CHARLESTON, W. Va. — The West Virginia Municipal Home Rule Board met via conference call on Friday, June 13 where it was unanimously decided to schedule five regional meetings to hear presentations from the 23 cities.

The meetings will allow each city to make a 60 minute presentation, outlining why they should be one of the 16 selected to join the pilot program.

There will also be a 30 minute section allowing residents of each city to lobby for or against the program.

“We want the public’s opinion on this, we want the cities’ outline on this,” Board Member Patsy Trecost said. “We feel that by giving a regionalized meeting, we can judge all cities equally.”

The schedule is as follows:

For Bluefield, Lewisburg, Oak Hill and Princeton
July 7, 8:00 a.m.
Beckley City Hall

For Dunbar, Milton, Nitro, Spencer, South Charleston and St. Albans
August 4, 8:00 a.m.
WV Economic Development Authority, Charleston

For Moundsville, Parkersburg, Vienna and Weirton
August 11, 8:00 a.m.
Wheeling City Hall

For Buckhannon, Clarksburg, Fairmont, Morgantown and Shinnston
August 25, 8:00 a.m.
Bridgeport City Hall

For Bath (Berkeley Springs), Charles Town, Martinsburg and Ranson
September 8, 8:00 a.m.
Holliday Inn, Martinsburg

At the completion of the meetings, the Board will reconvene to make their final decision on the 16 new cities to be selected for the pilot program.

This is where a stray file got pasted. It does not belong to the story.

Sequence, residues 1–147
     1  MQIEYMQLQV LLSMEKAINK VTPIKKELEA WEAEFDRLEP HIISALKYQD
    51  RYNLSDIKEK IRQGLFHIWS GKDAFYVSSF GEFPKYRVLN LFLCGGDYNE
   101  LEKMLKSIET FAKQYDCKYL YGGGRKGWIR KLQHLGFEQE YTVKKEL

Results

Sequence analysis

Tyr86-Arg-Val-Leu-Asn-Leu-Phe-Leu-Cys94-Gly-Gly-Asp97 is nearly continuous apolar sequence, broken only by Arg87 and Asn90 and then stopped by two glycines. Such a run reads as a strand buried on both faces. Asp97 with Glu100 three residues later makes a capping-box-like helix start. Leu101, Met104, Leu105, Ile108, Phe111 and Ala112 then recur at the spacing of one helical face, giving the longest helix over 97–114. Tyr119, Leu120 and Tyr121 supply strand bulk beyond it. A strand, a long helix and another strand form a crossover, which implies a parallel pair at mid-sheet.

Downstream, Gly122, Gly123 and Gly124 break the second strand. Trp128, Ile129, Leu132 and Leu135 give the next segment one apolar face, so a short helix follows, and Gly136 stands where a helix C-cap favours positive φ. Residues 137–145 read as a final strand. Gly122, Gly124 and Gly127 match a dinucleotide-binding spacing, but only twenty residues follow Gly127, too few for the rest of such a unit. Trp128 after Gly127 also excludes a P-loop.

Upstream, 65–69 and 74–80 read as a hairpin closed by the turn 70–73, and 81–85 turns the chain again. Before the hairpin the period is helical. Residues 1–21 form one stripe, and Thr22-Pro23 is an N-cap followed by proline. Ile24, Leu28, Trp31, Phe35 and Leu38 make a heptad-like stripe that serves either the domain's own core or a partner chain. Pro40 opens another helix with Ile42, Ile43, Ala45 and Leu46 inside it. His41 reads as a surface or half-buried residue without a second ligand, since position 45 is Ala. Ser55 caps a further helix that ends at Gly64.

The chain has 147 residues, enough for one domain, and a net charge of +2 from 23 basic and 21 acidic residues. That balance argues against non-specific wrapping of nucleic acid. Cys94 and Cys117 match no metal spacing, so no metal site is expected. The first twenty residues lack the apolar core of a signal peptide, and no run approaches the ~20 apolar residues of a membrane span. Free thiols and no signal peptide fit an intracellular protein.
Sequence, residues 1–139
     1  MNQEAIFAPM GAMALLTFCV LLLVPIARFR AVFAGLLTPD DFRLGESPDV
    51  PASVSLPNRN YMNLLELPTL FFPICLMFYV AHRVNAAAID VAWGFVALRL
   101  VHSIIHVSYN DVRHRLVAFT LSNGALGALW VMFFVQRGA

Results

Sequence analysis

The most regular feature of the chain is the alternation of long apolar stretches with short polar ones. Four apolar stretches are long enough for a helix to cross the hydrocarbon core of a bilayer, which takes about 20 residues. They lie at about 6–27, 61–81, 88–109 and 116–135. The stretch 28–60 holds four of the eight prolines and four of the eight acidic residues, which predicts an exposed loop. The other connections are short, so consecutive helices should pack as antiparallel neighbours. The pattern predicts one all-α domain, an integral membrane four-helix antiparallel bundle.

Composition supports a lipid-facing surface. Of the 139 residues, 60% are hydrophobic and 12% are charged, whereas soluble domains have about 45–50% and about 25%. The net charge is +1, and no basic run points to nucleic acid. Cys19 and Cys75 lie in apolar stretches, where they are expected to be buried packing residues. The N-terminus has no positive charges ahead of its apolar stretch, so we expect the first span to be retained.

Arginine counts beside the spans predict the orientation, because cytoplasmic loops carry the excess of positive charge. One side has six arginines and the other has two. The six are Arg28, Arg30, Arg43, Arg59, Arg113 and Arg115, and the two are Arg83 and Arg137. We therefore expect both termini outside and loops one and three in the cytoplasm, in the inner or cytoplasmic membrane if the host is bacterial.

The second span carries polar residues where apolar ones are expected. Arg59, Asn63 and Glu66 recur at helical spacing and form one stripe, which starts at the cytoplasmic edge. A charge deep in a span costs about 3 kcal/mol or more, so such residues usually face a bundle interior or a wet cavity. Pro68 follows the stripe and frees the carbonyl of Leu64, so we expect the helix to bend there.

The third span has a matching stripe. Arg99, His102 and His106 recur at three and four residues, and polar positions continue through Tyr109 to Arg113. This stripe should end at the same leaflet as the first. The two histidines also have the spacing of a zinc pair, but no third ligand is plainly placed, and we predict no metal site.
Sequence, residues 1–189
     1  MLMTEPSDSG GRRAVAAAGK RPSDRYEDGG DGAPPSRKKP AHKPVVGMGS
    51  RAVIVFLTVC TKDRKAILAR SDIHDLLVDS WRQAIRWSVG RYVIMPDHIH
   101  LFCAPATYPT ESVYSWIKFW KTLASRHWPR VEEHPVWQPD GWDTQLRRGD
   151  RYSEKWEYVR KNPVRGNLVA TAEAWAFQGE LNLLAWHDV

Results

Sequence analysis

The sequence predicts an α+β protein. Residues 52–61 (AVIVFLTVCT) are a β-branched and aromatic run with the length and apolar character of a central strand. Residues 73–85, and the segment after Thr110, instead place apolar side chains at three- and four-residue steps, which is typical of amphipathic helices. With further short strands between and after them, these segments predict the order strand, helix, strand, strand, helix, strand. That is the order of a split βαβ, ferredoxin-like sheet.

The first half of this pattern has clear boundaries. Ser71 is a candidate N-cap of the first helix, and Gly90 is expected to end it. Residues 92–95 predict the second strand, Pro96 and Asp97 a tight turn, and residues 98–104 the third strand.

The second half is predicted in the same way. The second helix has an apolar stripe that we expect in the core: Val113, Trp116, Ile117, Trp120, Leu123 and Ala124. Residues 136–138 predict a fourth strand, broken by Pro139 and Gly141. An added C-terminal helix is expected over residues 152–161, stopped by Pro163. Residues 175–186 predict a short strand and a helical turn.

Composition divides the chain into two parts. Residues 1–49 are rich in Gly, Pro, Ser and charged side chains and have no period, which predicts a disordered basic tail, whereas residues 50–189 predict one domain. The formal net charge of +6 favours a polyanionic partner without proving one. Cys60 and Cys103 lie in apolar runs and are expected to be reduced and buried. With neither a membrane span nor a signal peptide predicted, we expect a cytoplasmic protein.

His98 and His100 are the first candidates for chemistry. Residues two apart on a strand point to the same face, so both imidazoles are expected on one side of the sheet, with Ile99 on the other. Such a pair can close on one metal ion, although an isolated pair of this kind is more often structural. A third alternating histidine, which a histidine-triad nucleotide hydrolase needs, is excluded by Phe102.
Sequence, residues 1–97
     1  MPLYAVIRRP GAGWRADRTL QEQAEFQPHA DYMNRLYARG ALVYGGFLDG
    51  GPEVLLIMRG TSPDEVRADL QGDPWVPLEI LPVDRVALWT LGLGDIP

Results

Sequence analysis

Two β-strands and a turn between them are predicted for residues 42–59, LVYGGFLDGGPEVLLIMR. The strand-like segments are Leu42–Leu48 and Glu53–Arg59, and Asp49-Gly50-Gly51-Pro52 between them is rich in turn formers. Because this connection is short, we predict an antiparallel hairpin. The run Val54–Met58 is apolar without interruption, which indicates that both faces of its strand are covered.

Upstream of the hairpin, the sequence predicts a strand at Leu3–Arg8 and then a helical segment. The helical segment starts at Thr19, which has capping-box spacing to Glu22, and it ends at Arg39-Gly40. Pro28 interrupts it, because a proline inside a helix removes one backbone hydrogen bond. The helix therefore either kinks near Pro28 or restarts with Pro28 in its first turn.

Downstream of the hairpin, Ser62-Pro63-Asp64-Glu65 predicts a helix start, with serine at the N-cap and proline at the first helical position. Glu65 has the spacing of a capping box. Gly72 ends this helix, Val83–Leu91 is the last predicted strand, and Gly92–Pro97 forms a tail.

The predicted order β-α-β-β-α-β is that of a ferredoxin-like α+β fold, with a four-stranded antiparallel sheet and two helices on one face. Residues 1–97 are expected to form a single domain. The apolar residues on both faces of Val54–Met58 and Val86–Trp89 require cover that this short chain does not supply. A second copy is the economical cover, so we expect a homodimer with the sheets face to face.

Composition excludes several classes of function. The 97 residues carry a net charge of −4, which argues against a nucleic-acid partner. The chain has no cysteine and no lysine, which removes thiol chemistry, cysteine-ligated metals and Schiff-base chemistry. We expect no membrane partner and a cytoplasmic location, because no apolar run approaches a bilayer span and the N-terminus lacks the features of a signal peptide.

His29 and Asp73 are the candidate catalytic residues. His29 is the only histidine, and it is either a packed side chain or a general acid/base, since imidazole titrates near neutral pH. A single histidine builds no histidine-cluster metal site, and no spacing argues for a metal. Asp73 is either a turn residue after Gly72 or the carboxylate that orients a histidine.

The meeting schedule and a copy of each city’s application are available on the Board’s official website.

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  • In da stickes

    A better question Aaron is why the board doesn't simply approve all 23 with out all the rigamarole. If the municipality doesn't live up to it's madates, pull the home rule. A good example is our nation's capital. They have home rule but the feds have the final say if they veer out of bounds.

    • ViennaGuy

      The Legislature is reluctant to give some of its power to the cities. There are people in Charleston who have long thought, and who continue to think, that one-size-fits-all is the best way to go.

      • The bookman

        Why the magical "16?" They should have set forth criteria for approval, given a deadline for application, and let the chips fall where they may. Aaron's right on this I think. Waste of money and an excuse to politic in five venues in an election year.

  • Aaron

    So we have 5 meetings that require a minimum of 34.5 hours of presentations and public input over 5 locations throughout the state before the 7 Board Members can decide on which of the 23 receive the 16 slots.

    I would be curious as to the cost in making these decisions.